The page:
Katie Steefel didn’t learn to read until the third grade. Attending speech therapy and testing into the lowest reading group, Steefel was extremely self-conscious about her abilities.
Fast-forward 15 years: Steefel is now a third-year at the University of Denver Sturm College of Law and has accepted a post-graduate position as a law clerk for a justice in the Colorado Supreme Court.
It’s just the latest move in an already impressive career. She received her undergraduate degree from Georgetown University. Prior to law school she was a journalist in Chile, focusing on social movements. She is an avid runner and volunteer, and is a Denver Law Chancellor’s Scholar.
Steefel says she was lucky — a strong family unit, high-quality public schools, and access to numerous resources ultimately helped her overcome her challenges.
Steefel’s experiences had a profound impact on her, motivating her to be both be a voice for the marginalized and to find ways to build community and establish supports wherever she is. She has spent many hours externing and volunteering at nonprofits and government agencies, and helped to establish a new student group – the Education Policy and Advocacy Group – to facilitate students establishing relationships with each other and practitioners dedicated to such work.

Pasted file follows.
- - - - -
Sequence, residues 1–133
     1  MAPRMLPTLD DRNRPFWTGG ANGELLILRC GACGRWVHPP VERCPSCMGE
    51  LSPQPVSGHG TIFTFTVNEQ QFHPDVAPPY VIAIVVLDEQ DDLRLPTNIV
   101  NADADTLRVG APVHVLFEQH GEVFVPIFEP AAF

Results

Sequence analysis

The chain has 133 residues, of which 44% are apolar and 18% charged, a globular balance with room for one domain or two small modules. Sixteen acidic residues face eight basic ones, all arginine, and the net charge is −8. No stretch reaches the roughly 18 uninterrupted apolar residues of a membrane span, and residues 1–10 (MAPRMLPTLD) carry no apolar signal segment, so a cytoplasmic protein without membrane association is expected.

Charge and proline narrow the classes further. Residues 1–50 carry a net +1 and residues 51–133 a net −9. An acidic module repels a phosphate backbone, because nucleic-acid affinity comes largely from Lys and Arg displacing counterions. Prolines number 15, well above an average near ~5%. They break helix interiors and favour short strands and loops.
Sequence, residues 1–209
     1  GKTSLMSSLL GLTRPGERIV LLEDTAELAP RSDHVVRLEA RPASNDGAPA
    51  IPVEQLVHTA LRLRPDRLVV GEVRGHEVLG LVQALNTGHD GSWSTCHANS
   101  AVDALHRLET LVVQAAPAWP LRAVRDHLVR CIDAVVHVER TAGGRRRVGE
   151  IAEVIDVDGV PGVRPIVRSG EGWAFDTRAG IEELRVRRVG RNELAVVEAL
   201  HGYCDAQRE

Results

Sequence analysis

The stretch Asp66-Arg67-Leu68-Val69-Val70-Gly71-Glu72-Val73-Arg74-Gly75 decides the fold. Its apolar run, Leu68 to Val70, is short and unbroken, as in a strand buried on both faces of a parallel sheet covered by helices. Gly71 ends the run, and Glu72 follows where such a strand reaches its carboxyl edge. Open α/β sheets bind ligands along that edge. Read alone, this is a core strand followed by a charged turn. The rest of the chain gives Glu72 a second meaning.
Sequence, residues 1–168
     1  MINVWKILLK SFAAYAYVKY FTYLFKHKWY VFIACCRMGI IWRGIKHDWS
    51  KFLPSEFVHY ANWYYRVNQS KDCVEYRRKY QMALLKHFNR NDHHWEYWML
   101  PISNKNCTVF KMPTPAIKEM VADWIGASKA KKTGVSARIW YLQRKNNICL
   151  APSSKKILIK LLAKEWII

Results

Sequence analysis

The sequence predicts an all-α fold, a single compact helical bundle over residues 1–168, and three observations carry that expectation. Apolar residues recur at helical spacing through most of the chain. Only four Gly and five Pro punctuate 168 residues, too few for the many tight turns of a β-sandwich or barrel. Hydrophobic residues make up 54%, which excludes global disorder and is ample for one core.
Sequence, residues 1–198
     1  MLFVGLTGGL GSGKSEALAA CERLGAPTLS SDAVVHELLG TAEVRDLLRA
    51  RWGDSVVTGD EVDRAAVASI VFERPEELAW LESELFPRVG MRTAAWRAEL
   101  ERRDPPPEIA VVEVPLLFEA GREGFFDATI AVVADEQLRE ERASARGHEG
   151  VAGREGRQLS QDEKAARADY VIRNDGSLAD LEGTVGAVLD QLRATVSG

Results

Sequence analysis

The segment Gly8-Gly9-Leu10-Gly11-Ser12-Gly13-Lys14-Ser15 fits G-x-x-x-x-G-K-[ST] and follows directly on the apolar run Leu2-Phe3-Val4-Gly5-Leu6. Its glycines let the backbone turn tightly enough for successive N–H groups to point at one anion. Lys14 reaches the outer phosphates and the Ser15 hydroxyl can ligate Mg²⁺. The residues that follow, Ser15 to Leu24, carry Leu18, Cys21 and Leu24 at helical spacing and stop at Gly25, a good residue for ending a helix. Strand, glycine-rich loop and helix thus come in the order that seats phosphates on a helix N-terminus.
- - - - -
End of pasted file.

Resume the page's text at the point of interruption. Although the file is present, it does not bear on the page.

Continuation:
As the leader of Denver Law Review’s annual symposium, she brings a range of professors, practitioners and community leaders to discuss the role of justice reinvestment as a potential solution to the mass incarceration crisis.
Additionally, Steefel led a group of students to develop The Pledge for the Public Good. The Pledge aims to show how all areas of the law involve the public good, and to help students understand the moral dimensions and social context of the law across subject matters. Faculty members who sign the pledge — more than 60 so far —incorporate a discussion concerning the social context of cases and utilize other tools to lift up the public good in their classes.
Steefel also helped launch a series, Analyzing the Law Through a Racial Justice Lens. The series aimed to foster a dialogue within the Denver Law community about the intersection of legal and racial issues, to teach students how to analyze various topics in terms of race, and to encourage future lawyers of all identities to think about how race affects our society and legal system.
Steefel is one of 25 future lawyers honored in the National Jurist’s 2017 “Law Student of the Year” feature. Find more honorees here.